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Lucy, Esq.
Lucy, Esq., Lawyer
Category: Criminal Law
Satisfied Customers: 27196
Experience:  Criminal Justice Degree, JD with Criminal Law Concentration. Worked for the DA and U.S. Attorney.
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My son, recently turned 18, was charged with possession of

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My son, recently turned 18, was charged with possession of marihuana less than 20 grams and possession of drug paraphrenalie, 4 counts of the latter. He basically told the judge everything. This is his first offense. We are in the Florida Keys, pot use is rampant down here. hwta could be the possible penalty? Do the multiple counts agravate the situation?

My name is XXXXX XXXXX I'd be happy to answer your questions today. I'm sorry to hear that this happened.

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Most courts now do diversion programs for a drug-related first offense, especially if you're talking about a small amount for personal use. What that means is that he has to pay a fine, and take a drug class, and maybe do some community service. He's on probation, and he has to successfully pass a series of drug tests. If he can do that, at the end of the time period (which is usually a year, but it can be longer), the judge will dismiss the charges. The multiple counts shouldn't be a bar, as long as he's not charged with selling drugs (which is very different), or a crime of violence.

When he goes to the initial appearance, the judge will explain the charges to him. Then, if he cannot afford a lawyer, the judge will appoint one for him at no cost. The judge won't require you to produce a lawyer for your son - he's an adult now. The public defender can review all of the evidence and work out the best possible deal for your son. Drug diversion programs are very common these days, though, so your son should be able to get into the program if he asks and doesn't have prior convictions.

Good luck.
Customer: replied 4 years ago.
Thank you so much for your help. Needless to say I am a wreck. Since he actually admitted everything to the arresting officers (they called it an arrest, but they did not take him in for booking or anything, just gave him a court date), isn't he required to please guilty? I am afraid that since the police report has his admissions the state attorney will not want to give him one of the programs you mentioned, Of course, funds are short too, so I don't see why the judge would choose to keep this stupid kid behind bars.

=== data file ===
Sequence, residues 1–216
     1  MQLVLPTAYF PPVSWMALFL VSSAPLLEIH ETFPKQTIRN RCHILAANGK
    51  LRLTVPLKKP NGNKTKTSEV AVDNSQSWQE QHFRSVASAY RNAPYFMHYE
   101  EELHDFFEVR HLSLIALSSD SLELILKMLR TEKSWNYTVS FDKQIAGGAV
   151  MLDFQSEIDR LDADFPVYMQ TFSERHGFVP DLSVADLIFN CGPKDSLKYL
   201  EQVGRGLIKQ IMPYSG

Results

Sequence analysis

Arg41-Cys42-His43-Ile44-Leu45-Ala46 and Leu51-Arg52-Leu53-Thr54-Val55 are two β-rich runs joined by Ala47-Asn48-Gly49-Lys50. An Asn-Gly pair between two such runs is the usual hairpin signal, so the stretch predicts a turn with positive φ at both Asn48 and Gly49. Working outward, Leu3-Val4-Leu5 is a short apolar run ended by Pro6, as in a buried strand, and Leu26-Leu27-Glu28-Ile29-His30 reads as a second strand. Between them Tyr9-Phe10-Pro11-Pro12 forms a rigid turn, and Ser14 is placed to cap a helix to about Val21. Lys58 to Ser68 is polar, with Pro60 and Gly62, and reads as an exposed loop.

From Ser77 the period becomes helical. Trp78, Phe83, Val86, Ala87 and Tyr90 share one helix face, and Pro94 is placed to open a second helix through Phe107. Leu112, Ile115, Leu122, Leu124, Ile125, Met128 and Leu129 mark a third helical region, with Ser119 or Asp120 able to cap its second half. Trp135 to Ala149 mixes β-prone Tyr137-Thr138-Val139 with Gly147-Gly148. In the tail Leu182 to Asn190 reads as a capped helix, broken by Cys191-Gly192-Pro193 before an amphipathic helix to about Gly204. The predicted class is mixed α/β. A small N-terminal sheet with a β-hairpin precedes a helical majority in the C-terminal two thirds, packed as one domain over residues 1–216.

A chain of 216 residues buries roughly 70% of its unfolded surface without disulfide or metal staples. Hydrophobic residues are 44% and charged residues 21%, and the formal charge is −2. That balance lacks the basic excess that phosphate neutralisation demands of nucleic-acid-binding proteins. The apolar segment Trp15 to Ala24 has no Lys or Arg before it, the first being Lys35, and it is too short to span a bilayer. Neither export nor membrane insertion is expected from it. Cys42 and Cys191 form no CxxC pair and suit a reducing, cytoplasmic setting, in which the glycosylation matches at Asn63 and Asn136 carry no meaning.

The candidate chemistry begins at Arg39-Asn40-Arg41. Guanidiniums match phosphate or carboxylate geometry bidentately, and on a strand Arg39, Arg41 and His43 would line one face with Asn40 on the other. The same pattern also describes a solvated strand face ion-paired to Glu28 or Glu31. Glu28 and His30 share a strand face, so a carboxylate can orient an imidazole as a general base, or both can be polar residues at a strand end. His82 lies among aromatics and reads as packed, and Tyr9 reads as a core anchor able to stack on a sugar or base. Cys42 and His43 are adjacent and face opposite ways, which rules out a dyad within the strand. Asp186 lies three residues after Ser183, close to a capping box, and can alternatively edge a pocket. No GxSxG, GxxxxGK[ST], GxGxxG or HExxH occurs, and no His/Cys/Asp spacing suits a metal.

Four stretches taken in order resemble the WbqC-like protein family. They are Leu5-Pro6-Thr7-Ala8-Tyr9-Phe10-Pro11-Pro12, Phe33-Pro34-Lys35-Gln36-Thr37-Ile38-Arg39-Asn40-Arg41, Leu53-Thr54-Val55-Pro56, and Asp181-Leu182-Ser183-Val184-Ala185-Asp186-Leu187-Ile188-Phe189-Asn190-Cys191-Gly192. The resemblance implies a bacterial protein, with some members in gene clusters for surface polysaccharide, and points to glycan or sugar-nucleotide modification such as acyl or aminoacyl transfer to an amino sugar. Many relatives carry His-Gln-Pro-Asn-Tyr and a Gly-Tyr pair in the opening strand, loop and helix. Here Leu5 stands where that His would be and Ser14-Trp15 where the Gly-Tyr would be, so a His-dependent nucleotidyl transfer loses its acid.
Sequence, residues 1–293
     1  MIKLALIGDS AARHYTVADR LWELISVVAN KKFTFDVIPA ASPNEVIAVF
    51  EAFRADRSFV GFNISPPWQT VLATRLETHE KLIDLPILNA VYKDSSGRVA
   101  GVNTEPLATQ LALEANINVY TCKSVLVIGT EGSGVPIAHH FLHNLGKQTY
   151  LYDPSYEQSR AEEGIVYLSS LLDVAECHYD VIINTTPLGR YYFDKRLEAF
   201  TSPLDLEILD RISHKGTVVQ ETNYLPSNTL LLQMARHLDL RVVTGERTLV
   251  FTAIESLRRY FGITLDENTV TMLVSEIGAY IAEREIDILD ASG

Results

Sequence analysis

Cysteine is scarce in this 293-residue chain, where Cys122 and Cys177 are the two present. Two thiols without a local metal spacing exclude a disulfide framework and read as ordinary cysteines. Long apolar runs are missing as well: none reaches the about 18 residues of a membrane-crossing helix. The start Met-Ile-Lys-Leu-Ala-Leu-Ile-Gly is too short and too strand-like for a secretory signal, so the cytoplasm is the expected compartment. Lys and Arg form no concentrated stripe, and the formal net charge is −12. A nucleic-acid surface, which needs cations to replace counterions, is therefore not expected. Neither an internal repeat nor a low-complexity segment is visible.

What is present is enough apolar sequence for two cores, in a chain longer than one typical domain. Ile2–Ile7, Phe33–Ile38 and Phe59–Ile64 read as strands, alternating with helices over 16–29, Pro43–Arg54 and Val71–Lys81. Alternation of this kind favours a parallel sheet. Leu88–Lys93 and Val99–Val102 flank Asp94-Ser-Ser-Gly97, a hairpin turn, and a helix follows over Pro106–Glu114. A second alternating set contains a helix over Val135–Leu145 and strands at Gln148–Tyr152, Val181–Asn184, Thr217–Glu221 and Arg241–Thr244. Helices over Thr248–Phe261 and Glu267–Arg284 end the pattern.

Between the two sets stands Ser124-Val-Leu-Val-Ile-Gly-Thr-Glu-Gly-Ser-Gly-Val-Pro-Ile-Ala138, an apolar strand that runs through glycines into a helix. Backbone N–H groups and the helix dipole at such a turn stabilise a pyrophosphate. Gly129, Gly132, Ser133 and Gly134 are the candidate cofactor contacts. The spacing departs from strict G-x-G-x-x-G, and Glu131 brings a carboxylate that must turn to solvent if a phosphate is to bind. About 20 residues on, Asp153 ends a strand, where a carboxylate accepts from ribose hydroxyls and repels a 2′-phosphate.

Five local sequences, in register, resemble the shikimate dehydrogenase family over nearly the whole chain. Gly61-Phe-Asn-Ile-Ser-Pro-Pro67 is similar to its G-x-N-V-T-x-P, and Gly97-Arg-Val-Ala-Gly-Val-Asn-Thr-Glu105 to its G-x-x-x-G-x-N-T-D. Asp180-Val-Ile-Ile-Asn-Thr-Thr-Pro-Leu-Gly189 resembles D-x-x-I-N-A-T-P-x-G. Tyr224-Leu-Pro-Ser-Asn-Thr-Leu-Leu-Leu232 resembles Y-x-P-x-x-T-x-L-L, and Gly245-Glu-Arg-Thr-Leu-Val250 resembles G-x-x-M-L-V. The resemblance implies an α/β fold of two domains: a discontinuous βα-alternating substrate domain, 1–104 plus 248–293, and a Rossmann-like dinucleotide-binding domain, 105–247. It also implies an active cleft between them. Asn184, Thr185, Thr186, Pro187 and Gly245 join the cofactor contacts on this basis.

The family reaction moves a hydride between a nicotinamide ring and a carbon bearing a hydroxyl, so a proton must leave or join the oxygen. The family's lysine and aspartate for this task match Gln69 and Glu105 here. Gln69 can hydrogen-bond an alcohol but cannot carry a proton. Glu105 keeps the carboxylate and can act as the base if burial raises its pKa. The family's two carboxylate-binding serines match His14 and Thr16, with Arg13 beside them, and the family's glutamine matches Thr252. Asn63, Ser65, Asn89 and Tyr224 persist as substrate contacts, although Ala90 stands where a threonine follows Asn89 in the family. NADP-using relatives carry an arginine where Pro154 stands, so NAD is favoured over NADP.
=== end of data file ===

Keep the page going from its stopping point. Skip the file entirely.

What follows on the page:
I completely understand why you're so upset. He is not required to plead guilty at the initial appearance. A criminal defendant has a right to make the state prove the charges against him beyond a reasonable doubt. Most defendants plead not guilty initially, then work on making a deal with the DA. That's fine. He can always change his plea later.

Public policy has been steadily moving toward drug treatment and education, so they're not likely to put him in jail for a first offense, even if he made the mistake of admitting the charges to the police. Also, the public defender can review the evidence - if the officers had your son in custody and did not tell him that he wasn't required to answer their questions, the statements may not be admissible. That's another reason that it's usually better for someone to plead not guilty, at least until he can have his lawyer review the evidence.
Lucy, Esq. and 3 other Criminal Law Specialists are ready to help you
Customer: replied 4 years ago.
Thank you so much!
You're very welcome, and thank you!

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